posted 7/2/2014 by MJ Hibbett
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    A Trip To The GP
    As part of moving to a completely new place (with a completely new postcode - always a good way to find out which companies update their postcode tables on their websites... er... apparently) I signed up to a brand new GP practice. I thought this would mean getting super swift attention but, as I found out when I went to sign up, they keep you waiting for appointments for at least 15 minutes even if there are NO OTHER PATIENTS in the building. I guess they have to maintain the same standards as pharmacists?

    They weren't particularly organised either, so I wasn't surprised yesterday when two people rang me twice each to ask me to come in for an Over 40s Check-Up. Well, I was quite surprised they'd ask ME, as I'm only Thirty Thirteen, but I like to show willing, and booked an appointment... eventually, once they worked out how to use the booking system.

    When I arrived they gave me a form to fill in, so they could "improve their service". It seemed a bit odd to ask me to do this BEFORE I'd experienced any of the said services, so I made some notes about them being a bit disorganised, and also pointing out that the form was not anonymous. They stood there while I filled it in, so I carefully FOLDED it to hand it over. Thinking about it now though, maybe they gave it to me beforehand for a REASON?

    For LO! things went downhill from there. I sat in the DESERTED waiting area and waited the allotted 15 minutes after my appointment, even though there was nobody else there. Just as I was about to go in the receptionist came over with a sample TUBE and asked for a Urine Sample. I was prepared for this - last time I went they'd done exactly the same thing, so I'd not Gone Before I Went this time. CUNNING!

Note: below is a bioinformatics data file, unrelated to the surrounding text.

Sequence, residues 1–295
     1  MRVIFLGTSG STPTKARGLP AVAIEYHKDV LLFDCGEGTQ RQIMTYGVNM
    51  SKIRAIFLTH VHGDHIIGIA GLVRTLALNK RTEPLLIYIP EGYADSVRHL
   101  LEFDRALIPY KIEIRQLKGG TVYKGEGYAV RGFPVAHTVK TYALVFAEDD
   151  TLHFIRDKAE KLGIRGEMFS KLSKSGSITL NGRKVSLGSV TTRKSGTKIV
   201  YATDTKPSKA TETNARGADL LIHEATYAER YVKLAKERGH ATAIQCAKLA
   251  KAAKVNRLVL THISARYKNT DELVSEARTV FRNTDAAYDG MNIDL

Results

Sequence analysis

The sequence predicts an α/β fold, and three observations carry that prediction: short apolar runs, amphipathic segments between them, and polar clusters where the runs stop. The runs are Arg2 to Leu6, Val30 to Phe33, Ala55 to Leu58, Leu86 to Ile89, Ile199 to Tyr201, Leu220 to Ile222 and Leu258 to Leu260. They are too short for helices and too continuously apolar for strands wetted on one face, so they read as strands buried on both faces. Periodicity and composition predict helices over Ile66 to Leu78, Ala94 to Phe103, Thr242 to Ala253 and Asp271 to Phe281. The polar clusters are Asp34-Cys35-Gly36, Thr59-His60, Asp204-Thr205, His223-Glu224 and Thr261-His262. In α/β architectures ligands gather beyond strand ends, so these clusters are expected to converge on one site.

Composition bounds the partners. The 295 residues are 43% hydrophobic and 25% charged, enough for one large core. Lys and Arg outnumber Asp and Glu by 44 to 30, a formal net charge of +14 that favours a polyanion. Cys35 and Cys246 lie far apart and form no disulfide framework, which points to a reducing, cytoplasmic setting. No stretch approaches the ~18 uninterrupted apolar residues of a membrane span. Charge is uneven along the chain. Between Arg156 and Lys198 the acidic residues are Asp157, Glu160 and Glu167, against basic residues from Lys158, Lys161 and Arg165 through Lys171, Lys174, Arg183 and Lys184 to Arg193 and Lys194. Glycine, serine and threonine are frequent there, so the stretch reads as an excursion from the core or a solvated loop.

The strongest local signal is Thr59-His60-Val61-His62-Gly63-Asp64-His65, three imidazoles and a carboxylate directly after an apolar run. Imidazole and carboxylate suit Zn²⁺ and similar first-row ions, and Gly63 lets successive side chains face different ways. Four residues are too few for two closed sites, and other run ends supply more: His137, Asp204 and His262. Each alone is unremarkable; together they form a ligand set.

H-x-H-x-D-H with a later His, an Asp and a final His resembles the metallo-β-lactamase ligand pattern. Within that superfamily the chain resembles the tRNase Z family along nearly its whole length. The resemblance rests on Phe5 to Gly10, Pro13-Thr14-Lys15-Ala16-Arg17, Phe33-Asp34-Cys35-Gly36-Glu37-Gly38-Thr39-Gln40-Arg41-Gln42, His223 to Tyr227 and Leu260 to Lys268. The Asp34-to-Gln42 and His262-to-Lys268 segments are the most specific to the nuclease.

I emerged from the loo to find the GP and receptionist in conversation. We went into the surgery and I handed over my sample. "Oh, we don't do urine samples anymore" she said. This was somewhat surprising - there was a box containing about 100 other samples right next to her, and I had JUST been asked to do it. I can only assume the policy changed while I was in the toilet? Maybe that's what they'd been enacting while I was waiting?

    Still, I was there now, so it was time to do the health check. "I'm just going to ask you some questions", she said. This sounded familiar, so I merrily said "Ah! Are these the same questions they asked when I signed up, a couple of weeks ago?" She looked alarmed, checked the system, and then looked more surprised. "Yes. You did all the tests a couple of weeks ago, and they were fine. Oh. I don't know why they asked you in then. Sorry."

    So I came home again. At least living nearby meant it was less than five minutes to get back again! The moral of the story would appear to be that GP Surgeries, like CHEESE and WINE, need a few months before you should try them!

    posted 6/2/2014 by MJ Hibbett
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    A Normal Day
    Since moving into our new flat The Pictures In My Sunday Supplement and I have been behaving unusually NORMALLY, like a Normal Couple or something, and this reached its APEX when we Had Some People Round For Nibbles on Sunday afternoon.

    Okay it was The Hewitts and we did some ROCK ADMIN while they were round, but STILL: we even went to the PUB afterwards for a NATTER. I expect to have an IKEA LOYALTY CARD and a LABRADOR before the year is out.

    The rock admin section of the afternoon was to get some photographs taken for the forthcoming YOUTUBE version of our Total Hero Team Podcast. Long ago I thought about doing a proper FILM-style version of the show, but realised this would be ENORMOUSLY hard work, and so concentrated on doing an audio only podcast. However, when it came time to release it I did wonder about maybe putting it on YouTube too, so The Likes In My Comment Section suggested we could take PHOTOGRAPHS to accompany the sounds. We discussed various ways of doing this, and on Sunday finally decided that Steve and I would strike POSES representing each major "beat" of the story, which I'd then string together to make a kind of Fumetti video.